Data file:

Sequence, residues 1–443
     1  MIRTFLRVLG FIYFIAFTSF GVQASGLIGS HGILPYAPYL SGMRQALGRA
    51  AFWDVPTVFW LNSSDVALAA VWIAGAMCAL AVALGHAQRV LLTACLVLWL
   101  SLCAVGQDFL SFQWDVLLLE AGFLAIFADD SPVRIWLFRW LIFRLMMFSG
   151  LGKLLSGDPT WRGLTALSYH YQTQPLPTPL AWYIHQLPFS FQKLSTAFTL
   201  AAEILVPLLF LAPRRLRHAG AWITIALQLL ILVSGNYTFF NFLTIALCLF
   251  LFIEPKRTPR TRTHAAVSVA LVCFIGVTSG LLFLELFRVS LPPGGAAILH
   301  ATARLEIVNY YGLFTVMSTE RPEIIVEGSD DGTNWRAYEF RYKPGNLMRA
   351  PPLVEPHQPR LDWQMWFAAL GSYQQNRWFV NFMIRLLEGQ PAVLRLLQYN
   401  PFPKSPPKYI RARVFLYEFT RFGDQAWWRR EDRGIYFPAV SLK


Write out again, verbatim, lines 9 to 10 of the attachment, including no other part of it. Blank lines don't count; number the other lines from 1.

   351  PPLVEPHQPR LDWQMWFAAL GSYQQNRWFV NFMIRLLEGQ PAVLRLLQYN
   401  PFPKSPPKYI RARVFLYEFT RFGDQAWWRR EDRGIYFPAV SLK